Interview Paper & Video for SOWK 1030 – Cultural Diversity

This post and the accompanying video are part of an assignment for my Cultural Diversity class. I got a solid B and I learned a ton!

Interview Paper
Helen Rose
SOWK 1030 – Cultural Diversity
December 8, 2018


On December 8, 2018, I had the incredible opportunity to interview Repa Bushi Yomato Damashii, a Buddhist teacher, master martial artist, and Yogi at an event at Lotus Light Contemplative Community Center in Knoxville, Tennessee.

Interviewee Demographics
(Identifying Information Shared with Permission)

Name –Repa Bushi Yomato Damashii

Age – 49

Race – African American

Birthplace – West Palm Beach, Florida

City of Residence – Thomasville, North Carolina

Marital Status – Married

Employer – Thomasville Buddhist Center

Occupation – Lama (spiritual teacher)

Religious Affiliation – Buddhist


“I’m a native Floridian,” says Repa Bushi, “I grew up in West Palm Beach, Florida, and we were – my family was one of the few families in Palm Beach during the 70’s that was listed in the middle class.”

Repa Bushi went on to tell me about his early childhood religious experiences, stating that much of his religious upbringing was, “shaped by the firm hand of God,” and how he first experienced Buddhism as a young Marine stationed in Japan. Repa Bushi referred to a temple in Kyoto, Japan as a “utopia” and spoke reverently about the Buddhist teachings of peace.

When asked about the influx of interest in mindfulness and Buddhist practice in the West, Repa Bushi said, “Buddhism has largely made its way to the West through mindfulness. I think, however, if we’re not careful, that mindfulness could be a little less concentrated in its theory and its practices if we’re not careful to make sure that authentic teachers indoctrinate this way into the West.”

His concern for the preservation of the authenticity of Buddhist practice makes sense, especially considering the Western tendency to appropriate cultures which it encounters. Cultural appropriation is the unauthorized borrowing of customs, rituals, or objects specific to a certain culture – often with sacred or spiritual significance. (AORTA, 2015) Often, in the refiguring and commercialization of these things, the original context and significance is lost and it becomes representative of a hollow part of the dominant culture rather than of something holy.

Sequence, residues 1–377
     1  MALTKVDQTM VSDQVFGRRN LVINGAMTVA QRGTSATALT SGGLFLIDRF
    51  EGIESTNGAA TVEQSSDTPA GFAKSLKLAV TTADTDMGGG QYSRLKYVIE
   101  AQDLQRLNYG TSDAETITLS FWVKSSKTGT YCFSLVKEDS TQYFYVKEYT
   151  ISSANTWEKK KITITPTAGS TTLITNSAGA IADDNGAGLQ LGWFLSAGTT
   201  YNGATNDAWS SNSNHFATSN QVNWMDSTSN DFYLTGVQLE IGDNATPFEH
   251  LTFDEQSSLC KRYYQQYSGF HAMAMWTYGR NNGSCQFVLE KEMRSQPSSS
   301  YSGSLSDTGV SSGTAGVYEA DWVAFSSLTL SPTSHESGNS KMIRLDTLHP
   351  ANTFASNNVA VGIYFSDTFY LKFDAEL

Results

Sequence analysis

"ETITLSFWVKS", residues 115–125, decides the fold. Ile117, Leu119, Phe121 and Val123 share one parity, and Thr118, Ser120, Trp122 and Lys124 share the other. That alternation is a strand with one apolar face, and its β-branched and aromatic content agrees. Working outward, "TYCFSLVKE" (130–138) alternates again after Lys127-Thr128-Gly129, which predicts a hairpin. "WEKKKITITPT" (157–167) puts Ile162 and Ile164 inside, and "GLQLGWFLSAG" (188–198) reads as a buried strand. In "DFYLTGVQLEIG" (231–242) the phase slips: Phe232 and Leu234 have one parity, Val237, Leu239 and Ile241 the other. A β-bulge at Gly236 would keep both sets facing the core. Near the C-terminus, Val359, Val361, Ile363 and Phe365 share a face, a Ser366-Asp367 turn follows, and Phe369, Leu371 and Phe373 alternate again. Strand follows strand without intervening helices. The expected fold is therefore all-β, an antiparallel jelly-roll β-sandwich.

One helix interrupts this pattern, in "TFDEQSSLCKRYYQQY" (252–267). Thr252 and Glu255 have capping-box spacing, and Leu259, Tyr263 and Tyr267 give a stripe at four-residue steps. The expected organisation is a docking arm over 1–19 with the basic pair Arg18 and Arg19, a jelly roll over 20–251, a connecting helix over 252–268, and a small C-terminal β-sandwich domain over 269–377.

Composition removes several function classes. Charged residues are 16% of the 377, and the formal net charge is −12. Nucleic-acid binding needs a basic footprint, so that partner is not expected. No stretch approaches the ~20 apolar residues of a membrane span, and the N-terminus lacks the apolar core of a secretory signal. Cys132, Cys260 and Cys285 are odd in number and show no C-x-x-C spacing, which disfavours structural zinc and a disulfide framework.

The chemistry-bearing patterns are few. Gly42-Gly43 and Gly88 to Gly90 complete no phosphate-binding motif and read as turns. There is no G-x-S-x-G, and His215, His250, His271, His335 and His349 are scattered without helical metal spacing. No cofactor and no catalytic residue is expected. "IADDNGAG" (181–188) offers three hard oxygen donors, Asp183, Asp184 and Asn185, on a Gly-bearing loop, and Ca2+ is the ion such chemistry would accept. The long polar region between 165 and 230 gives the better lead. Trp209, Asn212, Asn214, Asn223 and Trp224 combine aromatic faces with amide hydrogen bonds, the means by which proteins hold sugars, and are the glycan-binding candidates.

A 2015 resource sheet on cultural appropriation published by the Anti-Oppression Resource and Training Alliance quoted author Susan Scafidi about cultural appropriation: “It’s most likely to be harmful when the source community is a minority group that has been oppressed or exploited in other ways or when the object of appropriation is particularly sensitive, e.g. sacred objects.” (AORTA, 2015)

We went on to discuss Repa Bushi’s current home – Thomasville, North Carolina. “Thomasville’s a very conservative town,” he says. “Its social makeup is very religious but also very racially divided. Our center is in the epicenter of the conservative divide. We are so out of place. We’re right in the heart of Klan activity. There are a number of anti-Black Lives Matter groups that are in the area, Daughters of the Confederacy are right there.”

With this in mind, I expected to hear horror about experiences of discrimination and acts of violence, but Repa Bushi told me that is not the case. He told me that Thomasville Buddhist Center is visited by all types of people from various backgrounds. He stressed the importance on focusing on our shared humanity, rather than differences, and in meeting peoples’ physical needs first, saying, “even though the guy’s like a black monk, it’s hard to hate when I’m eating food that I needed for my body.”


Repa Bushi spoke some before the interview about his childhood. He mentioned many times that he believes many people “live in the PTSD of their parents” – meaning that those who have a good childhood go on to have similar adult lives, but those who have difficult childhoods often strive to get very far away from that difficulty. By his own report, Repa Bushi’s childhood was extremely difficult, and he has created a great distance between that difficulty and his adult existence. I think that resilience is an interesting concept, as are the factors effecting it. Psychology Today lists “the ability to see failure as a form of helpful feedback” (Psychology Today, n.d.) as a factor contributing to resilience. Toward the beginning of our time together, Repa Bushi said, “if something fails – celebrate it,” which comes from Buddhist teachings.


In my experience living as a non-Christian in the Bible Belt, I understand the loneliness of not being a part of the dominant culture. Repa Bushi spoke some about racism that he has experienced. I imagine it must be incredibly frustrating to be so immersed in a tradition which promotes tolerance, acceptance, and love but to live in a culture which often practices the exact opposite.


This opportunity to interview Repa Bushi was unexpected in many ways. While I pride myself on being tolerant and accepting of others’ beliefs, I found that there is a stark difference between accepting and understanding. I find myself incredibly interested in learning more about Buddhist teachings and incorporating them into my own spiritual practice. The most important thing that I learned from speaking with Repa Bushi was on the topic of mindfulness and intentional practice: “Never do anything without putting your heart into it.”


AORTA. (2015). Cultural Appropriation. Retrieved from

Damashii, R. B. (2018). (H. Rose, Interviewer) Retrieved from

Psychology Today. (n.d.). Resilience. Retrieved from


Leave a Reply

Fill in your details below or click an icon to log in: Logo

You are commenting using your account. Log Out /  Change )

Facebook photo

You are commenting using your Facebook account. Log Out /  Change )

Connecting to %s

%d bloggers like this: